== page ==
Group Living Rules Update - Open Houses
Learn about and weigh in on proposed updates to the Denver Zoning Code’s residential use regulations that will increase housing opportunities and flexibility for all residents at four upcoming open houses.
Participating is the best way to ensure you have a say in what happens in your neighborhood and your city.
Whether they cover the entire city, a neighborhood or a smaller area slated for redevelopment, plans lay out a community vision meant to inform city decision-making for the area they cover over the next 20 years. Once a plan is adopted, you can continue to participate by helping the city craft the new policies that are needed to implement the plans.
Participating means you can:
Planning and regulatory projects can last anywhere from six months to two years depending on the project. The public is invited to participate throughout the project, but we encourage you to get involved early and remain involved. The feedback requested changes as the project evolves.
For example, at the start of a planning project, we typically ask “visioning” questions:
Mid-way through a project, we ask people to give feedback on preliminary recommendations to protect what is loved and address what concerns them. These recommendations may be updated several times in response to community feedback, before they are written into a draft plan.
Near the end of a project, we gather feedback on the draft plan itself.
All of our plans and processes are open to all members of the public.
Although meeting agendas and structures will vary, they generally follow this format:
Online surveys help us gather input at various stages of our planning projects and give residents a chance to participate even if they can’t attend one of our community events.
We do not use surveys as voting mechanisms, in which the strongest viewpoint “wins.”
We do not use surveys to yield statistically significant results. The data we collect through online surveys is not intended to be a representative sample of the Denver population or a neighborhood’s population.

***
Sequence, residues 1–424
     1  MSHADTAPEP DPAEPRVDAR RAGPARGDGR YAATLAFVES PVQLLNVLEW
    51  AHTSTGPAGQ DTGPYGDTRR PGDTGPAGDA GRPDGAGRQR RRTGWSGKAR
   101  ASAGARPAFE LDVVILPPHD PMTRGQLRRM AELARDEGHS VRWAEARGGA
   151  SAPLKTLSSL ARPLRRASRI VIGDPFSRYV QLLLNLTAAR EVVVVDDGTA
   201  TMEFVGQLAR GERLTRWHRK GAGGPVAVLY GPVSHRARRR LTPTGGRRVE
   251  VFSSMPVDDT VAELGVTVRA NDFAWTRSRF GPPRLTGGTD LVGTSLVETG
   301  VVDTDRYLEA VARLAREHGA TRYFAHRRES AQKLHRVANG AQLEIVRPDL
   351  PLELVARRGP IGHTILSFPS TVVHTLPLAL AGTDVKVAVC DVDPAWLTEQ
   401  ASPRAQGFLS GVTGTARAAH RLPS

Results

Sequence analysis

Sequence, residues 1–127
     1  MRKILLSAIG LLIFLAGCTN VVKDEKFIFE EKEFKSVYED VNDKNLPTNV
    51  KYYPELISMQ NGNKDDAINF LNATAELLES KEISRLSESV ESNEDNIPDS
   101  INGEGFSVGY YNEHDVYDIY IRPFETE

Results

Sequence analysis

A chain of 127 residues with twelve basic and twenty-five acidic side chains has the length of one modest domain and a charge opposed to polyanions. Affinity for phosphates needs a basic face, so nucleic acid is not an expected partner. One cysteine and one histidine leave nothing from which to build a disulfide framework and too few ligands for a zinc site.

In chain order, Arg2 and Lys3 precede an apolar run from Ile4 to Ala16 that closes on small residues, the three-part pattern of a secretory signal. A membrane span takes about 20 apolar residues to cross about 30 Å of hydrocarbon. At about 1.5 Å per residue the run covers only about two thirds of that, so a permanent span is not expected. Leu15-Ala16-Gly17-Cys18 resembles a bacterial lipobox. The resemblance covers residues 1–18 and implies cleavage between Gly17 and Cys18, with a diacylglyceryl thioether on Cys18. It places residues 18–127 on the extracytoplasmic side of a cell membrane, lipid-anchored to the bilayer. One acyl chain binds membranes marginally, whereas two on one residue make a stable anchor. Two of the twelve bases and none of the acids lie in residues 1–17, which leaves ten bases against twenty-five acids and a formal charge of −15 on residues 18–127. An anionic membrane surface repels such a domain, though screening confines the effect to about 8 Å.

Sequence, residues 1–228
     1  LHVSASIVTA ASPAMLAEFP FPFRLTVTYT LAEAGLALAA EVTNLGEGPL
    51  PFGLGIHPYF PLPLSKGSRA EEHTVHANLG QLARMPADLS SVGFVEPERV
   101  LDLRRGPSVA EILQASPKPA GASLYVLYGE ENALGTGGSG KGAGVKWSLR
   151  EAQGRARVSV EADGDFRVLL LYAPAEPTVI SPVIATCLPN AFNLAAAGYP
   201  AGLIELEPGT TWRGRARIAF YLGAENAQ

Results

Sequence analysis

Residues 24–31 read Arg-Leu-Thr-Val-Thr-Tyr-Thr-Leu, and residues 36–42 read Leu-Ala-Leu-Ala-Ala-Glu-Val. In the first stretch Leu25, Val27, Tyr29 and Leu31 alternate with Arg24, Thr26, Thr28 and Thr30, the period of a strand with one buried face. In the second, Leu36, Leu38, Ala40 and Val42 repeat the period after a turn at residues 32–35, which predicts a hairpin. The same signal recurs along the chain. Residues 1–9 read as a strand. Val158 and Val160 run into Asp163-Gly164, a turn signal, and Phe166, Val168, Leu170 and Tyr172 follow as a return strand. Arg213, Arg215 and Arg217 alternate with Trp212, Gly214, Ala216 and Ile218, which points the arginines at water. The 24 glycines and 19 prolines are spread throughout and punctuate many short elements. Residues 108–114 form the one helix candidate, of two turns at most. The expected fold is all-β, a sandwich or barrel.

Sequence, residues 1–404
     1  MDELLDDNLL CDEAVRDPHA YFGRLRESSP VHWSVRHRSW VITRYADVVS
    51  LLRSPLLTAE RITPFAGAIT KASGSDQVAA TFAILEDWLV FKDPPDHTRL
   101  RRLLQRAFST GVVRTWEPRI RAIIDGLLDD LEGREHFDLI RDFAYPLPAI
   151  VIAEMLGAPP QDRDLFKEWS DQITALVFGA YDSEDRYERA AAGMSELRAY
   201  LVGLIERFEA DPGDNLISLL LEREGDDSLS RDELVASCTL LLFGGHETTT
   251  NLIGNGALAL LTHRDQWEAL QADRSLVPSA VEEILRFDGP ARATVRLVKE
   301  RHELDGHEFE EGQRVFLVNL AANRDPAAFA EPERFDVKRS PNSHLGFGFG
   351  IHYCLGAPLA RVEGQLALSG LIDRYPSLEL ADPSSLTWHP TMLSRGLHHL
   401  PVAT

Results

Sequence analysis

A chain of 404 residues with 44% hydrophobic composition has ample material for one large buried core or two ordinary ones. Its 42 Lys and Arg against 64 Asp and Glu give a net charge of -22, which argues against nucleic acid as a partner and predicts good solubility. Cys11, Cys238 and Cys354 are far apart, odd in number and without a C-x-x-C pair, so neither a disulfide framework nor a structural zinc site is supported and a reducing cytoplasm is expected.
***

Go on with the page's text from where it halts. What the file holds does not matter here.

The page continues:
In our engagement, we try to provide multiple ways to participate. Surveys provide our planning teams with valuable community input from people who cannot or choose not to attend community meetings, and these responses are viewed alongside other input and weighed carefully to help craft plans.
We do both. Surveying is just one tool we use to gather community input along with other strategies that include community events, neighborhood meetings, focus groups, street fairs and festivals, working with schools, drop-in office hours, and more. We find that surveys are an important tool in our engagement for three reasons:
Each plan or project has a project manager whose contact information will be listed on the plan or project webpage. You can email or call us at any time.
If you know of an upcoming community event or you represent an organization and would like to invite us to an upcoming meeting, please let the project manager know.
As we collect community feedback, we put the results in a spreadsheet for analysis. We read and code all comments to identify common themes, and we create visualizations and summary documents to be used by the planning team, the steering committee and other stakeholders. The results, visualizations, and all summary documents are also reported back to the public via the plan or project website.
Most of our digital engagement tools track “respondent sessions,” ensuring a single person cannot take one survey repeatedly to try and skew the results. When analyzing each survey, we also manually check for repetitive behavior (frequent responses coming from a single location, identical comments being submitted across a large group of respondents, etc.) and adjust as needed.
Because we do not use our surveys as strictly voting mechanisms, expressing one viewpoint over and over isn’t going to automatically result in that viewpoint “winning.” Our overall evaluation considers the range of opinions received online and in-person.
We ask basic demographic questions at the end of each survey and in community meetings because it is important to us to know if we are hearing from a diverse range of voices. If we aren’t, we can take steps for better and different outreach.
We do not interpret survey results based on age, race, ethnicity, or income level.
Download the full data sets from recent Community Planning and Development online surveys. New data sets will be added regularly. All data files are in Excel format. For questions about any of our online engagement or if you need help accessing the files below using assistive technology, please contact CPDCommunications@denvergov.org.
East Area Plan (in progress)
East Central Area Plan (in progress)